Today’s guest is Waldenbooks bestselling author Lauren Nichols, who shares what “writing beautifully” means to her. Lauren is a romantic suspense novelist with ten published novels and dozens of romance, mystery, and science-fiction short stories placed in national magazines.
She writes below about creating “a place-in-time” a reader won’t want to leave. Her fictional town of Charity, set in Pennsylvania’s Allegheny mountains, is that kind of place. It is within this picturesque town that Lauren has created a series of taut and touching tales for Harlequin’s Love Inspired Suspense.
Read on to learn how Lauren approaches her work in terms of writing beautifully…
Quite a few years ago, long before I was published, I attended a writing workshop given by a wonderful writer and friend, Nancy Martin. As always, Nancy was full of great tips for unpubs who were hoping to make the leap to published, but one particular piece of advice she shared that day stuck in my head: Learn to write beautifully. This is now my mantra.
What is “writing beautifully?” In my mind it’s taking the time to make your words and phrases sing. I’m not talking about agonizing over every word you write; that takes too long and the most important thing for a writer to do is finish his or her story. I’m talking about taking some time in the revision stage to care about the words you’ve used.
You’ve undoubtedly heard or read this before, but it’s imperative that we use strong verbs, cliche-free phrases, snappy dialogue and great descriptions–whether they’re lovely and pastoral, or dark and riddled with tension. This, in my opinion, separates great writers from good storytellers. Yes, the story is the most important thing. If you don’t tell a good, fast-paced tale, you’re not going to sell. But if your book doesn’t wow ‘em in some way, you won’t be remembered.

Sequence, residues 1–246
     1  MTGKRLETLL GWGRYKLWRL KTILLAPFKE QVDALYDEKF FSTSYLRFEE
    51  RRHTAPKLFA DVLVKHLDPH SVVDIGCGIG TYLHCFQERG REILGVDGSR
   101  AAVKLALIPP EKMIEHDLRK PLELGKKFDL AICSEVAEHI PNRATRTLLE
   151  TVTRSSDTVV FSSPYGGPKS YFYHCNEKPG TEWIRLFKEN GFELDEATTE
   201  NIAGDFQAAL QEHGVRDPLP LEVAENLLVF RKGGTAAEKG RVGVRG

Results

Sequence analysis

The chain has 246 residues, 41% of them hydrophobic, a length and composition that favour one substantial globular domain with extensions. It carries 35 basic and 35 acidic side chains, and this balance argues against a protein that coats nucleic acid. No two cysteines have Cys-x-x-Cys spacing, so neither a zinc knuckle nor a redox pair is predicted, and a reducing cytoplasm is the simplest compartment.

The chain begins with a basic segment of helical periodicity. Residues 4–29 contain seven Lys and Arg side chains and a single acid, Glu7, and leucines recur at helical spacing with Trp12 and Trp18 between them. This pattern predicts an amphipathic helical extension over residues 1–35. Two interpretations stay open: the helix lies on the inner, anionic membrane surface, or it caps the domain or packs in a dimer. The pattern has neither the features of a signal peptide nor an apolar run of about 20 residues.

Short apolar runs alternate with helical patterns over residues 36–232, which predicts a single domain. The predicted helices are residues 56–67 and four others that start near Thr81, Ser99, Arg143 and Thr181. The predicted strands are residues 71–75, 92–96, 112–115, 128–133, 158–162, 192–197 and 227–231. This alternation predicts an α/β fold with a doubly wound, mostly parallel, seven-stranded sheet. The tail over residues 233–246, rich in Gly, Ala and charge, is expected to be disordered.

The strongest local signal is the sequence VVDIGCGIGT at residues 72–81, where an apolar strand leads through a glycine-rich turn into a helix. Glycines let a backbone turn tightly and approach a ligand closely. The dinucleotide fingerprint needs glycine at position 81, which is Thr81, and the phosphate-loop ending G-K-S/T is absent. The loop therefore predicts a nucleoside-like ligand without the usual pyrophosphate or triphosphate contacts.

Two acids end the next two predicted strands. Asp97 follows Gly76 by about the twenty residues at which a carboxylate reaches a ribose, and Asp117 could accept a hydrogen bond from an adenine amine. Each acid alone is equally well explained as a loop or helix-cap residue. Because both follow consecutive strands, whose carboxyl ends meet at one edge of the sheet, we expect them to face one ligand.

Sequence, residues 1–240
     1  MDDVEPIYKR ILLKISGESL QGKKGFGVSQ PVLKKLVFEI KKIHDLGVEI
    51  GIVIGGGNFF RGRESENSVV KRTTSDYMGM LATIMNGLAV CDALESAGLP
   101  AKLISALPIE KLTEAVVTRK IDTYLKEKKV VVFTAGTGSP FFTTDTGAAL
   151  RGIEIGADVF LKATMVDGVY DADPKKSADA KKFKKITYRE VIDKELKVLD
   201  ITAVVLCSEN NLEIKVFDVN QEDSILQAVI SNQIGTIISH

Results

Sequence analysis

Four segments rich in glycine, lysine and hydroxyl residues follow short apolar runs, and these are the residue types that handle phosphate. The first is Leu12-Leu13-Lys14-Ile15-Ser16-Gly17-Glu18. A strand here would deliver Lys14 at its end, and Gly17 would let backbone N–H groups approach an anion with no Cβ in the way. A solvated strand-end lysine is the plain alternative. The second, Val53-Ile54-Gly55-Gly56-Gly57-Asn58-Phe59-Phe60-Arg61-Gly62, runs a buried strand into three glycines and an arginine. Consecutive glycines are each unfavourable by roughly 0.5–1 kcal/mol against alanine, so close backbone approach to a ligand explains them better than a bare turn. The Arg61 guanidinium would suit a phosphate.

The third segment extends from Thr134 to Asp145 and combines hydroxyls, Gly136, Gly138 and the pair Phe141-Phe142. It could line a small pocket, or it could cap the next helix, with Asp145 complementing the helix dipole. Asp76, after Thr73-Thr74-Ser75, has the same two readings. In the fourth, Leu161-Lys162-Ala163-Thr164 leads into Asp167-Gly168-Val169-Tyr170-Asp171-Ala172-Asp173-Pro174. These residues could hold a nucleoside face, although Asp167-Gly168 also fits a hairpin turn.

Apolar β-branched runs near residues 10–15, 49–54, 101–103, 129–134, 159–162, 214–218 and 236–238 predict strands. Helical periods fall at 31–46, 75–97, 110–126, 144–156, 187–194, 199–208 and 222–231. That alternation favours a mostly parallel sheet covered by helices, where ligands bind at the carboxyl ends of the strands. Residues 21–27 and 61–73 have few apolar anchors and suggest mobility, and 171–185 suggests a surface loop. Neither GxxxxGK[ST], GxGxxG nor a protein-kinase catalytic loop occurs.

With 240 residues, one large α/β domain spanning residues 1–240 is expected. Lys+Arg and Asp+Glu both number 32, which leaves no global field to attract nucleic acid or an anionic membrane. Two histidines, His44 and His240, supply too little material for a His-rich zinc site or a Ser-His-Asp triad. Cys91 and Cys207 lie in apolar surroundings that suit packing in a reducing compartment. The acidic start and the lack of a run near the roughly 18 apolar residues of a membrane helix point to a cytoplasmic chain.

One of the first romance novels I ever read grabbed my attention instantly with the first line. The book was NIGHTWAY by Janet Daily (1981) and it opened with this description: “The land stretched out as far as the imagination, laced with arroyos, crowned with mesas and buttes.”
Boom. I was there. But I was there with just a couple of beautiful words. I’m not recommending this book, and I’m not saying that this is the best description I’ve ever read, but it was the first one that packed a punch for me and opened my eyes to the beauty of words and phrases.
Personal preferences being what they are, I won’t suggest a long list of writers who–in my opinion–write beautifully. You know which authors do it for you. They’re the people who make you smile or gasp, or make you cringe when trouble’s on the way. They’re the writers whose books you can’t put down because they’ve created a place-in-time that you don’t want to leave–writers who’ve taken you away from the ho-hum sameness of everyday life and dropped you into a thrilling fantasy. Take some time to look at the words they’ve chosen to catapult you to that wonderful place.
In a struggling economy, the reader who once picked up two or three books at a time might have to cut back on purchases to put bread and milk on the table. Whose book will he or she choose? Look around. There are a lot of books on the shelves. Now more than ever, our work has to stand out from the crowd and get readers talking and recommending us to others. Tone and texture can’t save a poorly paced book or one without compelling characters and a great plot. But it can absolutely make reading a deliciously satisfying experience. And isn’t that what brings readers back for more?
Thanks for joining in the summer fun!